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Keeping Up With Artificial Intelligence


At one time I was the master of the technology universe. With the title of Managing Director of Technology Research and Chief Market Strategist, my knowledge level was impressive.

For example I knew everything about the difference between dial up Internet speed and DSL. I understood the speed of DSL was dependent on the users proximity to amplifiers located at the central station. The puzzling question of the day was how important Bluetooth was going to be?

No matter how much effort goes into keeping up with technology, it changes too fast. It is possible to spend full time and still not know all there is. Fortunately, I am not alone; this is a common lament pretty much everywhere.

Whatup Intel?

Case in point is semiconductor giant Intel. Recently a major Wall Street firm lowered its investment rating from average to underperform. That is as close as you can get to a sell recommendation. Intel has been a huge investment payday over the past 30 years so what is the reasoning behind the change.

It all has to do with deep neural networking. As a key part of Artificial Intelligence, DNN requires the type of huge computing power that makes Donald Trumps version of huge look modest.

Opinion has it that Intel rival Nvidia has the edge in emerging parallel workloads like deep neural networking. Wow, now that is a real tectonic shift in the tech universe.

I must admit in all honesty I can’t tell the difference between a deep neural network and a shallow neural network but I plan to take the next rainy weekend and brush up on my reading.

The Tensor Processing Unit: This Is Bigger Than Huge

Deep within Google with the help of a retired UC Berkley professor an effort is far along to create a newer faster chip. By itself, this is hardly novel. Everybody in Silicon Valley has run with that idea in the past.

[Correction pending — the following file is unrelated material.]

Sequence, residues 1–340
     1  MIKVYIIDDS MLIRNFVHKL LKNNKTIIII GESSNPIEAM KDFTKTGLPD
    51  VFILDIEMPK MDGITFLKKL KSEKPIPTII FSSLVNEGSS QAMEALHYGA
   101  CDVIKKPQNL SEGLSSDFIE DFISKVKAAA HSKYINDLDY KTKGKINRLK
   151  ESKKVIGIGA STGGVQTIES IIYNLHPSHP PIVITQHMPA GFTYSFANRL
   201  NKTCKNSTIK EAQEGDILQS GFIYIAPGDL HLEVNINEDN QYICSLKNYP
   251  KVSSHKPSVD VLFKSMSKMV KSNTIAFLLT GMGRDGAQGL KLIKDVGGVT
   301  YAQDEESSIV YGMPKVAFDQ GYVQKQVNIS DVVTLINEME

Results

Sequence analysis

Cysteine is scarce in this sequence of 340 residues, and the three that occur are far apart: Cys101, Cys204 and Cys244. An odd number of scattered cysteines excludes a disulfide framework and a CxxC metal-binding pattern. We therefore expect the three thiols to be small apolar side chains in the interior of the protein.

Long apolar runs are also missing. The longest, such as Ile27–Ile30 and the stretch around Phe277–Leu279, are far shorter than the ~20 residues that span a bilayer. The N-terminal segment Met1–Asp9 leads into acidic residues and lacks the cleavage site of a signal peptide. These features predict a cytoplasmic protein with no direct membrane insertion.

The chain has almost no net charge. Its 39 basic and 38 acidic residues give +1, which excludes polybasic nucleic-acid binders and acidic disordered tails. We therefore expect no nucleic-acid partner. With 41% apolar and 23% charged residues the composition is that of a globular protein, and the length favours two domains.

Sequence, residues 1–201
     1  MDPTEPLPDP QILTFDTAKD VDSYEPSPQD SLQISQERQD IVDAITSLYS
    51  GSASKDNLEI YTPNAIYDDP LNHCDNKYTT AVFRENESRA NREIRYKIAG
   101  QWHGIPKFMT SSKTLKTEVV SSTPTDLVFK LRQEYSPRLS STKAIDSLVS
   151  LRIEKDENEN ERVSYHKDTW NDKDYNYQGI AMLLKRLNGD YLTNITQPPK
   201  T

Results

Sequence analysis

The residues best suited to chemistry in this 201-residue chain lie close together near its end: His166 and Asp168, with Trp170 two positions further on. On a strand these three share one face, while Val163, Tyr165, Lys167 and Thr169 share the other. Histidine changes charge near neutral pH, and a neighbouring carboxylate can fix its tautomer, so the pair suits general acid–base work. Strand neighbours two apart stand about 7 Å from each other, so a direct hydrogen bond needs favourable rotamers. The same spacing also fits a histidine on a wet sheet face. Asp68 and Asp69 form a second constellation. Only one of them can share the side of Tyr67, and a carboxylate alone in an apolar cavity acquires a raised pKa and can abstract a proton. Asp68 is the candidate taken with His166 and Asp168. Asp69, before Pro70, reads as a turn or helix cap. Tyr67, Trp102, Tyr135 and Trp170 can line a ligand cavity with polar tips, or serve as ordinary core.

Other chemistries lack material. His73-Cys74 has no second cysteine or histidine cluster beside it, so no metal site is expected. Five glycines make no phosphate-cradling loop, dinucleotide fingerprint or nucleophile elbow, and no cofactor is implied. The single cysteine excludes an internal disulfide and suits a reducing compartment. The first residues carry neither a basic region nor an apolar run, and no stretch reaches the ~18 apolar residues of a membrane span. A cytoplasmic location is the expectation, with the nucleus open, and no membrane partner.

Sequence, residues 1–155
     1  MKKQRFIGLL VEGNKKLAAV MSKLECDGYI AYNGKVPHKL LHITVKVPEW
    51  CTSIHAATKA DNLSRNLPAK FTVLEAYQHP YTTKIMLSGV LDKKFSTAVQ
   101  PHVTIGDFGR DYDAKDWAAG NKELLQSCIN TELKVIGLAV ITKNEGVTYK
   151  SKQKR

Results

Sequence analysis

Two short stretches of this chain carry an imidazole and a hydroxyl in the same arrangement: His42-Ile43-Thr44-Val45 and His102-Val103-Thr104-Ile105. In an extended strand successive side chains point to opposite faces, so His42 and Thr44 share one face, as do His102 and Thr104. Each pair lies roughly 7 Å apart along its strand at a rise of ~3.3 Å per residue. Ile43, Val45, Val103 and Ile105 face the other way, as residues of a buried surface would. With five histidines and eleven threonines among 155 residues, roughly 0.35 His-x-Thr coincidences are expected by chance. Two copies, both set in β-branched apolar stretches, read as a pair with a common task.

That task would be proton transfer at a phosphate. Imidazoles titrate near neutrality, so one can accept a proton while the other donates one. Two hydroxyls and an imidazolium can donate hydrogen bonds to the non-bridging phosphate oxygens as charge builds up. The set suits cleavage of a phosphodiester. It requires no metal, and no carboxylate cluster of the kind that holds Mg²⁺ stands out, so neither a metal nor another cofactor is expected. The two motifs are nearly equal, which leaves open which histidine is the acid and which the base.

The development team was motivated by a $6-$10 billion incentive. Based on Google’s conservative estimates of user ship of its machine learning technology using either Intel or Nvidia chips, Google would have to double the capacity of its data centers. The cost of that would truly be a bigger than huge investment.

In the world of computer chips, everyone makes claims of higher speeds and lower power consumption so it is important to be skeptical when such claims are offered.

Faster Than A Speeding Bullet

Ok, so here are the claims: TPU runs 15-30 times faster than anything produced by Intel or Nvidia while being 30-80 times more efficient. That is just nasty fast. If true this could cause problems for both Intel and Nvidia.

Instead of investing in servers, Google parent Alphabet may be tempted to build its own semiconductor foundries; not exactly a small cost item itself. The other, and more efficient approach would be the Qualcomm model and license the technology and let others spend the big bucks.

Remember Google is not the only company chasing the gold in AI. Virtually every company will have their own development interest and the FAANG companies are only part of the list.

Under the old standard Moore’s Law, chip speeds double every 18 months. That law sounds about as antiquated as the dial up modem when the prospects of a possible 30 fold increase in the not to distant future.

No question that AI is here and huge. Who knows some day AI may even be able to find a way to reset a password without needing to be told the name of my 3rd grade school teacher . Now that is technology doing work for the good of mankind.